The Ministry of Transportation and Communications is coordinating with the National Communications Commission (NCC) for re-farming the 3G spectrum in the 2,100 megahertz (MHz) band and 800MHz band, together with the release of the 2,300MHz band further to the Spectrum Provision Plan for 2015 and beyond, which was announced on May 4 2015 (for further details please see "Spectrum provision plan released for 2015 and beyond").
Taiwan released five 3G mobile communication licences by auction in 2002, which are set to expire on December 31 2017. Among the licences, one is in the 800MHz band (825MHz to 845MHz/870MHz to 890MHz) and the rest are in the 2,100MHz band. No renewal or extension will be available to the 3G licences pursuant to previously established rules.
According to NCC statistics, as of January 31 2016 there are more than 16 million 3G subscribers. Given that voice over long-term evolution service is not yet popular, or even available to emerging 4G service subscribers, both the ministry and the NCC regard it as a priority to plan the release of further mobile broadband service licences in the 2,100MHz band and 2,300MHz band by no later than 2017. Pursuant to Article 3 of the Fundamental Communications Act, the ministry is the sole agency in charge of spectrum allocation and the NCC will follow up frequency assignment immediately upon frequency recovery in the 2,100MHz band and 2,300MHz band. The NCC is planning to continue to release mobile broadband licences by auction in the above bands. The actual number of licences to be issued is pending further public consultation.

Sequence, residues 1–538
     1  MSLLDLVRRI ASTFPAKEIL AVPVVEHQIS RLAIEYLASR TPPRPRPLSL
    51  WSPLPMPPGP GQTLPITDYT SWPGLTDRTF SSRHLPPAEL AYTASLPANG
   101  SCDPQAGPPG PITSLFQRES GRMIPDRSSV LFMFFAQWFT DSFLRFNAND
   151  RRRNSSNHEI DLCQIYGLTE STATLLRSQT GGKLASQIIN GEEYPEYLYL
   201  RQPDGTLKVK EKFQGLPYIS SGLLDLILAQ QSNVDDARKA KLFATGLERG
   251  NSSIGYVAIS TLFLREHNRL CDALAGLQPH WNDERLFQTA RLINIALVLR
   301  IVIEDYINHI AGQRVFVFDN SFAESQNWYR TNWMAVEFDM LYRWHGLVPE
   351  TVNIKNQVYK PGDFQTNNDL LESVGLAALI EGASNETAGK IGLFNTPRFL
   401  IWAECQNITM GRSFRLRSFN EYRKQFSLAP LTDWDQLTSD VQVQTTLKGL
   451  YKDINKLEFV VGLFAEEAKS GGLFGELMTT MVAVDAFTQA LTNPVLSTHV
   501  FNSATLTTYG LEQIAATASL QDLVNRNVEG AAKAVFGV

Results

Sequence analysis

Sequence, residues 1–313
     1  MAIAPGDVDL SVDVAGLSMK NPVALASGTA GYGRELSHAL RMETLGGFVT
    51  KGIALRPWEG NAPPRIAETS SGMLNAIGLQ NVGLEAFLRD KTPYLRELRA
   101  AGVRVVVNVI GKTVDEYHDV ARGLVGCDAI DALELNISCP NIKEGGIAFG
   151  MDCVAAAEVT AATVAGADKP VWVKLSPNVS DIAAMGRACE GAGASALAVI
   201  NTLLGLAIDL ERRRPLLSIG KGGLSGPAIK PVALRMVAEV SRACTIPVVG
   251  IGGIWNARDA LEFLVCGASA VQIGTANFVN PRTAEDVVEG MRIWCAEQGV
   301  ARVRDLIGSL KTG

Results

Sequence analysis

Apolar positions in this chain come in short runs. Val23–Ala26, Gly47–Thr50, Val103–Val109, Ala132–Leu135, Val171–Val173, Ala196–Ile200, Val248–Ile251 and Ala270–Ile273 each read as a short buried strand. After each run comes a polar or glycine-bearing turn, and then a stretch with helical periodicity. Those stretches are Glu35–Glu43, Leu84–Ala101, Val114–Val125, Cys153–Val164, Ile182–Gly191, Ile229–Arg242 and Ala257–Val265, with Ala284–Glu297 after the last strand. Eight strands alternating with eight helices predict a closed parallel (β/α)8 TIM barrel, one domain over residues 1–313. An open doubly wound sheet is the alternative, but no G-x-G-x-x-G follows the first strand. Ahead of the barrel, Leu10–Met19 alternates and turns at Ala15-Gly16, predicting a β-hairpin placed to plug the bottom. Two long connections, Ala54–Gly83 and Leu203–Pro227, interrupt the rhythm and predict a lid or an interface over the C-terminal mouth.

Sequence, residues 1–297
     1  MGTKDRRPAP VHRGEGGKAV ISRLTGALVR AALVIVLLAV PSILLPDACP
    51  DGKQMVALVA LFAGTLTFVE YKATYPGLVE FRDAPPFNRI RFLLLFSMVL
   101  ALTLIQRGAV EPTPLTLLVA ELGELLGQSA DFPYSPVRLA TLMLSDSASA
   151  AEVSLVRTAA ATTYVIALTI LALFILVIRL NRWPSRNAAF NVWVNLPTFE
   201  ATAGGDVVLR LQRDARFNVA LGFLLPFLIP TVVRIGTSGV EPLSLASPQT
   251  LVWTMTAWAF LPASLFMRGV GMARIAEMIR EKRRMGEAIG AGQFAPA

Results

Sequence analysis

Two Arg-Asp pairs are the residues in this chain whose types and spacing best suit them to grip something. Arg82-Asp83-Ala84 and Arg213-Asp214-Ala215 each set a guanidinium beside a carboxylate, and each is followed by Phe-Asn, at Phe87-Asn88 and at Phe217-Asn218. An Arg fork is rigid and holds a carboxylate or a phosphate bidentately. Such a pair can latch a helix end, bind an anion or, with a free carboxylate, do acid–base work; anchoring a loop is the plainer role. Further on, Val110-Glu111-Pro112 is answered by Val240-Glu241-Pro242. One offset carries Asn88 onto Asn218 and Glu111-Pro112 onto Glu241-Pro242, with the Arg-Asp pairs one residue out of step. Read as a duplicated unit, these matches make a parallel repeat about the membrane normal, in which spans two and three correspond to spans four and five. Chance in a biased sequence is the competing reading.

Other than the 2,100 MHz and 2,300MHz bands, the ministry has determined that the 800MHz band will be reserved for public protection and disaster relief following Resolution 646 of the World Radiocommunication Conference 2015. The Ministry of Interior Affairs has been invited to comment on how much spectrum would be in need of public protection and disaster relief. On the condition that public protection and disaster relief will always have priority, it is possible that a certain frequency in the 800MHz band could be assigned to the mobile broadband service.
As for licence-exempt spectrum, the ministry prefers tentatively planning in the 920MHz to 925MHz band, and therefore avoiding other uses in the 800MHz band.
For further information on this topic please contact Arthur Shay at Shay & Partners by telephone (+886 2 8773 3600) or email (firstname.lastname@example.org). The Shay & Partners website can be accessed at www.elitelaw.com.
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